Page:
Adeela Hameed

For protection against pollution and disease

Decrease Font Size Increase Font Size Text Size Print This Page

A Detailed Mask Brochure

In India, air pollution is estimated to be the cause of 1.5 million deaths every year – making it the fifth largest killer.

We cannot decrease air pollution already present in our atmosphere because of vehicular exhaust, suspended particulate matter from construction sites, and firecracker residue left during festivals/marriage celebrations. We can only work towards reducing it in the near future. But for the time being, we have to fight and live with it. Apart from pollution, what we need to be cautiously aware of is the communicable pandemic we are currently in the middle of. Our country has the world’s highest death rate from asthma and chronic respiratory diseases. And the coronavirus has accelerated number of deaths in people suffering from chronic respiratory illnesses. As such, air pollution and this pandemic – hand in hand – have made it difficult for people to venture out of their homes. But for those who need to travel due to extenuating reasons, for doctors and other important personnel, masks act as a breath of relief!

Know More About Air Masks

Air pollution protection masks have several specifications catered to by different brands, and are available in a range of prices. Their basic requirement is to protect the wearer from suspended particulate matter (SPM – 10/2.5), sulphur dioxide and carbon dioxide.

Let’s get into detail about the differences between N95, N99 and P95 air masks – to be used as per type of pollution in the atmosphere.

  1. N95 AIR MASKS: An N95 rating mask can filter up to 95% of the PM 2.5 from the air we breathe. It is necessary to know that PM 2.5 has the longest life span in air. It may lead to plaque deposit in our nose, throat, lungs or even the arteries thus leading to a heart attack. The best option is an N95 air mask with a valve or two, dedicated for the exhaled air. These valves help in ensuring no moisture near the nose bridge or eyes. Many sellers are available online, but for N95 masks recommendations are Honeywell and 3M branded masks. These cost around Rs. 120 per piece.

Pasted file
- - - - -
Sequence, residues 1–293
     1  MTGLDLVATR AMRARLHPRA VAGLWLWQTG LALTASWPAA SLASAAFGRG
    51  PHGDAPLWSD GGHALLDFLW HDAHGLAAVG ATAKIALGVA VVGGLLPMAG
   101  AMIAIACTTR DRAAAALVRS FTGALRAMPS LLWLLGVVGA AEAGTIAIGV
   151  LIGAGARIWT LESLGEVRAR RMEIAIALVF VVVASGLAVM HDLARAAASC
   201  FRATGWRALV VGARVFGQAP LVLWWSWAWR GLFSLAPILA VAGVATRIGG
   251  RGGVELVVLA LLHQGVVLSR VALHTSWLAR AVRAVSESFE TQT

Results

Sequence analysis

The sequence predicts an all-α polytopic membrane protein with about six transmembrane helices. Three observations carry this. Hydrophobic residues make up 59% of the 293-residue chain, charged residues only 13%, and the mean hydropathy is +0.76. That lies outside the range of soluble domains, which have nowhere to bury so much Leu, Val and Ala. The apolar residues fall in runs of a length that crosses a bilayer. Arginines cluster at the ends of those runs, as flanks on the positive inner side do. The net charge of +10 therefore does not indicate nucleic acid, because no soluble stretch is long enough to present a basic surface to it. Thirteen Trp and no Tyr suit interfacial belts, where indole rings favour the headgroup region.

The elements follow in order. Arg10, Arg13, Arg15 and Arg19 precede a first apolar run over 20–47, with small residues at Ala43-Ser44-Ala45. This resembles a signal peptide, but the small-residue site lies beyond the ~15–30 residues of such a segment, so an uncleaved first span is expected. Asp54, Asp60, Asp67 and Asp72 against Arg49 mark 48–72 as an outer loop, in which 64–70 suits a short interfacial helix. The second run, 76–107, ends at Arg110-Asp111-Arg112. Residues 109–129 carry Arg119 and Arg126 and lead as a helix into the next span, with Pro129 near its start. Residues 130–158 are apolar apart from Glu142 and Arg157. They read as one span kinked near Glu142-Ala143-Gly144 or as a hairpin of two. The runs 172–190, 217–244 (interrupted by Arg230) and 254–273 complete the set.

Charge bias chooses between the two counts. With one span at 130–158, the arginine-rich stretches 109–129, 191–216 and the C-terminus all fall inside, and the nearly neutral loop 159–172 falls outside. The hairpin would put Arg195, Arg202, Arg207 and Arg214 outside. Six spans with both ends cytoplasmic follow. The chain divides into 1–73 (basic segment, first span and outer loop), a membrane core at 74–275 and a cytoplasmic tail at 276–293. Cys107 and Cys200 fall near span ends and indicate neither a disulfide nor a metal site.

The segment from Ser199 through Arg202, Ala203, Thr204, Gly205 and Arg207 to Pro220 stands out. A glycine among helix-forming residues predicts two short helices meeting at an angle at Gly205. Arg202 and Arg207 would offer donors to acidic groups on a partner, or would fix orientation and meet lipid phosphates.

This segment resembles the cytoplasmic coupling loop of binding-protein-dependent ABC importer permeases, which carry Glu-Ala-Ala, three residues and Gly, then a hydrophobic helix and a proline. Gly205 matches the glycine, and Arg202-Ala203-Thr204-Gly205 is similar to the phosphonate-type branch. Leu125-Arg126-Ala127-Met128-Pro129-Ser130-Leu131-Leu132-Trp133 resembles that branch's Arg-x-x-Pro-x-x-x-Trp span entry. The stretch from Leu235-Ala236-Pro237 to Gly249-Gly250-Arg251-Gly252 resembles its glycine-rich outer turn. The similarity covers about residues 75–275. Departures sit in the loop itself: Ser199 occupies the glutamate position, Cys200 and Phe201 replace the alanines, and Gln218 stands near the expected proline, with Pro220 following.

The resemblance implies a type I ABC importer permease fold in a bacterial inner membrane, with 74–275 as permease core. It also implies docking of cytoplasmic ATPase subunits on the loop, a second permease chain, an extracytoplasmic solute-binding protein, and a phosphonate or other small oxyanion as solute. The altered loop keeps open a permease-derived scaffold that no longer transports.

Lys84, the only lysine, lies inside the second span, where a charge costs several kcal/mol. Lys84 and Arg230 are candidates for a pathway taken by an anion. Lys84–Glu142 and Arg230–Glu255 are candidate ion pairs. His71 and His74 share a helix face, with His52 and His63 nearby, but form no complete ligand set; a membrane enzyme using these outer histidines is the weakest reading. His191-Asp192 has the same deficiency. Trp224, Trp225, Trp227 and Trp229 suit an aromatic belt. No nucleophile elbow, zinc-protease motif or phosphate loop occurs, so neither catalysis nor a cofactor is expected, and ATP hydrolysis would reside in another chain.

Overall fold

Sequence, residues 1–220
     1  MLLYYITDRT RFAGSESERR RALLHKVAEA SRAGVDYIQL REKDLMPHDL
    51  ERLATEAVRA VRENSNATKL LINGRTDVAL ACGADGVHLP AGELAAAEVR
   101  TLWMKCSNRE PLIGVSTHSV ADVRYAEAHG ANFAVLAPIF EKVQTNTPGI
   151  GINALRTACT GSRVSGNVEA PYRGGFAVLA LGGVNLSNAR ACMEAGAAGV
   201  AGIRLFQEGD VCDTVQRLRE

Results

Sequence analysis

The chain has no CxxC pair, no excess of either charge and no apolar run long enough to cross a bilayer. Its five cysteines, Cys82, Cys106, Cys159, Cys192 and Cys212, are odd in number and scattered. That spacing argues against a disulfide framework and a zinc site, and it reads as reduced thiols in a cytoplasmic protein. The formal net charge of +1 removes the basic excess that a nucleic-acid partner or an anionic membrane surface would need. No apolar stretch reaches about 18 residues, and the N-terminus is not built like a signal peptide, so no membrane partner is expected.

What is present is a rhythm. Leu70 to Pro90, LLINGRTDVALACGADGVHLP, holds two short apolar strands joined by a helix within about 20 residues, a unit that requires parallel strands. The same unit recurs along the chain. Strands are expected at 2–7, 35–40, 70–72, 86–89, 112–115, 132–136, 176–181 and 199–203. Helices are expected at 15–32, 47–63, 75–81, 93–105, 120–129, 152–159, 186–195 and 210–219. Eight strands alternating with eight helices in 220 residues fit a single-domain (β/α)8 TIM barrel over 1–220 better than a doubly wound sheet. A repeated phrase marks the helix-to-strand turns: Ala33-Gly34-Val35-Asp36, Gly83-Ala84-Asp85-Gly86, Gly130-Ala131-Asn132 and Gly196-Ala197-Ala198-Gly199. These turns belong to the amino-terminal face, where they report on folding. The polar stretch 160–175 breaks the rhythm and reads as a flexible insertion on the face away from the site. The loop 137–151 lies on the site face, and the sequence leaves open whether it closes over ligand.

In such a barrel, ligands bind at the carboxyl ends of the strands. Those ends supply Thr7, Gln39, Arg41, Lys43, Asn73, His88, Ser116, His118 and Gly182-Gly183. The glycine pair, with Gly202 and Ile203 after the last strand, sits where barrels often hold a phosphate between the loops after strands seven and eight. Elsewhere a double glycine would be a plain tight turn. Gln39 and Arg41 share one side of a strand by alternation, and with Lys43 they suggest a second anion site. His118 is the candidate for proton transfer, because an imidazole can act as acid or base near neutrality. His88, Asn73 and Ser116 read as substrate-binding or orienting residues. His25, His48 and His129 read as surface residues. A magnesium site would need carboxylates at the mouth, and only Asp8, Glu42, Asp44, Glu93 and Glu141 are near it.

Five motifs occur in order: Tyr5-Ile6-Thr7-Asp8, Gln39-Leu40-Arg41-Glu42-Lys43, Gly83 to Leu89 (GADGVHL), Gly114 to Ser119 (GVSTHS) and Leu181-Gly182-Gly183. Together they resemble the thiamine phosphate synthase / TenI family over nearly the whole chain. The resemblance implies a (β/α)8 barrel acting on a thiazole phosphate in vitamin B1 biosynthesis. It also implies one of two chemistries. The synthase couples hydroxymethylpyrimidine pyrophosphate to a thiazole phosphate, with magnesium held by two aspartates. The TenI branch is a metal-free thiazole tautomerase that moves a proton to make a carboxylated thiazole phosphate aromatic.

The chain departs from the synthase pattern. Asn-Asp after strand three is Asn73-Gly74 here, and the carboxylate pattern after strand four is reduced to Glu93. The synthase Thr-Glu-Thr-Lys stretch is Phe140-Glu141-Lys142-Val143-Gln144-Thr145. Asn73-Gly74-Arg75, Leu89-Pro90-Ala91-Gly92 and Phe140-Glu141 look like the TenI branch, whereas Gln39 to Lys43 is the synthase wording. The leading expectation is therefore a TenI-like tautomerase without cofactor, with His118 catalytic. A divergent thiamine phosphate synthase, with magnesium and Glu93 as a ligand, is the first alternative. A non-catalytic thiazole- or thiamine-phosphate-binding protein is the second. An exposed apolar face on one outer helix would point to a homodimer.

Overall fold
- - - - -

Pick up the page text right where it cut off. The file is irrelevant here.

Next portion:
2. N99 AIR MASKS: These can filter up to 99% of the PM 2.5 from air. Same as an N95, they don’t work particularly well against oil-based pollutants. These are – however – better than the former due to higher filter rate of particulate matter. For this variant, recommended sellers are Cambridge, Vogmask, or Smart Air pollution masks, starting at around Rs. 175 per piece. At approximately 40 hours of wear time, people might want to opt for packs of 5, 10 and 20s available by some brands.
  3. P95 AIR MASKS: Main difference between P-rated and N-rated air masks is the ability to filter out oil-based pollutants – which P can and N cannot. Also apart from removing oil-based pollutants, P-air masks can filter out 95% of the PM from polluted air. These masks are more efficient and expensive than N-rated ones but have to be replaced after 40 hours of usage as well. P95 air masks are sold by 3M, and are available for Rs. 10,900 for a pack of 10.

How are Respirators different from Normal Masks?

Talking about respirators – those masks which cater to air pollutants and potent microbes – following characteristics are important for a mask to qualify as one:

     It should filter particles from air when properly fitted, and help reduce number of particles or germs the wearer breathes in.

     It should be ideal for protection from PM2.5.

     It should have NIOSH/EN/ISI and the approval type (i.e. N95; FFP1 etc.) printed on the product.

     These should be tightly secured to the face, with 2 head straps and a nose adjustable clip over the nose to allow for a custom fit.

Whereas normal or surgical masks show the following features:

     These are cleared by the FDA for use as a surgical mask.

     These are not designed to protect our lungs from airborne hazards such as PM2.5 but are effective against communicable infections.

     These don’t have NIOSH/EN/ISI and the approval type printed on the product.

     These are typically worn for a specific procedure, during illness, and disposed afterwards.

     These prevent large particles expelled by the wearer – like spit or mucous – from entering the environment.

     These usually do not fit tightly to the face and there are bound to be gaps around the edges for comfort.

It must be noted that surgical masks or even handmade cloth masks are really helpful while going out during the pandemic as these collect/contain the wearer’s virus from getting out. These – however – cannot be used against SPMs and other air pollutants.

A word of advice though. Limit travel unless you definitely and essentially have to. And when you do, make sure to use masks – any kind will do.


Leave a Reply

Your email address will not be published. Required fields are marked *